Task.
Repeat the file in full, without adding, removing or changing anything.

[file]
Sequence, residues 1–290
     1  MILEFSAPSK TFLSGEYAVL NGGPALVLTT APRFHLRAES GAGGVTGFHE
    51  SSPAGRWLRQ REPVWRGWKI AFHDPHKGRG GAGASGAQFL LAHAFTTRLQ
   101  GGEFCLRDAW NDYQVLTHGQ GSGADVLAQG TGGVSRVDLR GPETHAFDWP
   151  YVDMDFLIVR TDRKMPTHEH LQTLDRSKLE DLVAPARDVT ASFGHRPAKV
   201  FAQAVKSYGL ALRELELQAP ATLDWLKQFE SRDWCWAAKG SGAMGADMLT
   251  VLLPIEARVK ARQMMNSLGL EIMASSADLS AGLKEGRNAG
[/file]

Sequence, residues 1–290
     1  MILEFSAPSK TFLSGEYAVL NGGPALVLTT APRFHLRAES GAGGVTGFHE
    51  SSPAGRWLRQ REPVWRGWKI AFHDPHKGRG GAGASGAQFL LAHAFTTRLQ
   101  GGEFCLRDAW NDYQVLTHGQ GSGADVLAQG TGGVSRVDLR GPETHAFDWP
   151  YVDMDFLIVR TDRKMPTHEH LQTLDRSKLE DLVAPARDVT ASFGHRPAKV
   201  FAQAVKSYGL ALRELELQAP ATLDWLKQFE SRDWCWAAKG SGAMGADMLT
   251  VLLPIEARVK ARQMMNSLGL EIMASSADLS AGLKEGRNAG